Beginning Tuesday, the Japanese American National Museum (JANM), located at First Street and Central Avenue in Little Tokyo, is offering free weekday admission to all Los Angeles Unified School District (LAUSD) students and their chaperones for the duration of the United Teachers Los Angeles strike.
During the week, JANM is open Tuesdays, Wednesdays, and Fridays from 11 a.m. to 5 p.m., and Thursdays from noon to 8 p.m. The museum is closed on Mondays. Final admissions are made 30 minutes prior to closing.
The intent of the free admission offer is to provide affected students and their parents or other chaperones a no-cost educational and enriching place to visit while their school experience is impacted. Students and chaperones will be able to view current exhibitions at their leisure; guided tours will not be provided as part of the offer.
JANM requests that there be at least one adult for every ten students visiting together as a group. For safety reasons and occupancy limits, and to ensure the best experience for all visitors, it’s recommended that groups of more than ten individuals make a reservation by emailing firstname.lastname@example.org or calling (213) 830-5601.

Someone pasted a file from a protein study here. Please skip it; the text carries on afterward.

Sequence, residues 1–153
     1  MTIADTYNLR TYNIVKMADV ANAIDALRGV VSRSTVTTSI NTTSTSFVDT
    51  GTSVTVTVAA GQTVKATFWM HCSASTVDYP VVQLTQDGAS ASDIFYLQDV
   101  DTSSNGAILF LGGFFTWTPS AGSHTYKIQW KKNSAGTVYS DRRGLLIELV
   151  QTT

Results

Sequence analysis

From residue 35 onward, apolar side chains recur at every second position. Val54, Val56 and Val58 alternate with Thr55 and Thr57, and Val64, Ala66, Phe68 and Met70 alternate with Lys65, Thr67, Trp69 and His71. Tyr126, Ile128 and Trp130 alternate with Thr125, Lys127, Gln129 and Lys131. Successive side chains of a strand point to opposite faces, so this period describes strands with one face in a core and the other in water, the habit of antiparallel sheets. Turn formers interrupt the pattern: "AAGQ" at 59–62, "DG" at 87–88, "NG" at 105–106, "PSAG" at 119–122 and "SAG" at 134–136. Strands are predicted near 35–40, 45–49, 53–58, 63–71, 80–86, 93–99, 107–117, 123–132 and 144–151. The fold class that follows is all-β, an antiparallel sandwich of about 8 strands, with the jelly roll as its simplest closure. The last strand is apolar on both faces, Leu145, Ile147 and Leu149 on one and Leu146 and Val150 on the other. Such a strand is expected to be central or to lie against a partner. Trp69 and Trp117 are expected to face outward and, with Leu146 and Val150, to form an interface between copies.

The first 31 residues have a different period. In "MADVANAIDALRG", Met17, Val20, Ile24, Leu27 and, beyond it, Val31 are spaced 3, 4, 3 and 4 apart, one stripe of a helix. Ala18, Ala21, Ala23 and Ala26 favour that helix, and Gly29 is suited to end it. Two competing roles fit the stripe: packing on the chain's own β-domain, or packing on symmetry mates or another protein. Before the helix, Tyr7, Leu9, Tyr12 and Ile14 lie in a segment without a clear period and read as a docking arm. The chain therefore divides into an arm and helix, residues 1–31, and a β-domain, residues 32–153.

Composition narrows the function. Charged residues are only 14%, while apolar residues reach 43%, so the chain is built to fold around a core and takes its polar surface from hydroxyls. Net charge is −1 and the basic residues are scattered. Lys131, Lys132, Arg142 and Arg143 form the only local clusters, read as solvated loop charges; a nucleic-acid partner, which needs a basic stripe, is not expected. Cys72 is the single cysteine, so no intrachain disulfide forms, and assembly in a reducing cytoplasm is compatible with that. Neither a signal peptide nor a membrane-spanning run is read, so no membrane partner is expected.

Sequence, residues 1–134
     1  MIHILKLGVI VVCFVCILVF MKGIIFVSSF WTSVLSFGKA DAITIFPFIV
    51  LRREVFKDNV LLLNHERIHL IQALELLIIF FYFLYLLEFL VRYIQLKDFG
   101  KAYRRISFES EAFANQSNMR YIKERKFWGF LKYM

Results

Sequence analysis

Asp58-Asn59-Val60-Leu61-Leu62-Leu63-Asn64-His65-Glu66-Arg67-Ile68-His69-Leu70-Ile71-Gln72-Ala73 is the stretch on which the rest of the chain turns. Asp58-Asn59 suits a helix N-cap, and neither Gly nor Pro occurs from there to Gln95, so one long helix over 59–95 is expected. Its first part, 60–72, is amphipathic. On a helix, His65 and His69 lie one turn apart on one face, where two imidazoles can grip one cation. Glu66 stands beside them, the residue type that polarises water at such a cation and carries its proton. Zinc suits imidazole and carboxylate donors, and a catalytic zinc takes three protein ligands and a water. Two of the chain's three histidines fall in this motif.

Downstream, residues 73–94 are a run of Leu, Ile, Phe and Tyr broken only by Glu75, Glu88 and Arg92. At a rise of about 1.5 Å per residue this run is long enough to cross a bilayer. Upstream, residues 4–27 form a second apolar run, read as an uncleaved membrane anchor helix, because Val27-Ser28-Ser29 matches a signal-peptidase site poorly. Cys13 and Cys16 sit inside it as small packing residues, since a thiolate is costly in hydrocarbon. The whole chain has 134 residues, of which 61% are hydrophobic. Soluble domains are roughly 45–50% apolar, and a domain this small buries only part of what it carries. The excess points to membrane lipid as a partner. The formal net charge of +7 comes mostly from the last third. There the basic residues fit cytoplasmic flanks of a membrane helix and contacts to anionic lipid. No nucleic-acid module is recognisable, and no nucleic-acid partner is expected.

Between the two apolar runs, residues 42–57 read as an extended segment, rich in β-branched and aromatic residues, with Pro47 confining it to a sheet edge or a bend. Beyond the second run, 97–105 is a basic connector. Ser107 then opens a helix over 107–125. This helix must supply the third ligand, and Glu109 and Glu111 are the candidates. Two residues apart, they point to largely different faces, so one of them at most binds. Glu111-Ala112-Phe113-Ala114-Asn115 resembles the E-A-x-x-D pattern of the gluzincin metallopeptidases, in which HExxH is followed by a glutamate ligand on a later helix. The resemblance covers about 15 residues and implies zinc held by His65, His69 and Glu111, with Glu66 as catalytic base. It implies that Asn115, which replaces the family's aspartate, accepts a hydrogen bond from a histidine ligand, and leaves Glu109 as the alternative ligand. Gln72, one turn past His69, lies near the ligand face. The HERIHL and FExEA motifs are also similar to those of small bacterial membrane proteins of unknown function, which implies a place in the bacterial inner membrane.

Exhibitions currently on view at JANM are:
• “Common Ground: The Heart of Community” (ongoing). Incorporating hundreds of objects, documents and photographs collected by JANM, this exhibition chronicles 130 years of Japanese American history, from the early days of the Issei pioneers through the World War II incarceration to the present.
• “Gambatte! Legacy of an Enduring Spirit” (through April 28). Modern and historical photographs documenting the stories of Japanese Americans who were forcibly incarcerated during World War II. Large-format contemporary photos taken by Pulitzer Prize-winning photojournalist Paul Kitagaki Jr. are displayed next to images shot 75 years ago by such noted photographers as Dorothea Lange, Ansel Adams, and others; each pairing features the same individuals, or their direct descendants, as the subject matter. Inspired by the Japanese concept of “gambatte” — to triumph over adversity — the exhibition chronicles the strength and legacy of a generation of Japanese Americans who persevered over unimaginable hardship.
• “Kaiju vs. Heroes: Mark Nagata’s Journey through the World of Japanese Toys” (through March 24). In California in the 1970s, Mark Nagata was living an all-American childhood when an aunt and uncle serving on a U.S. military base in Japan sent him a box filled with some of that country’s most popular toys. They were kaiju and heroes, and these gifts inspired him to zealously collect vintage Japanese vinyl toys over the course of his entire life. Kaiju translates to “strange creature” in English but has come to mean “giant monster” referring to the creatures like Godzilla and Mothra that inhabited the postwar movie and television screens of Japan. The advent of these monsters brought about the creation of characters to combat them — hence the emergence of pop-culture heroes like Ultraman and Kamen Rider. This exhibition showcases hundreds of dazzling vintage and contemporary Japanese vinyl toys, providing a feast for the eyes and the imagination.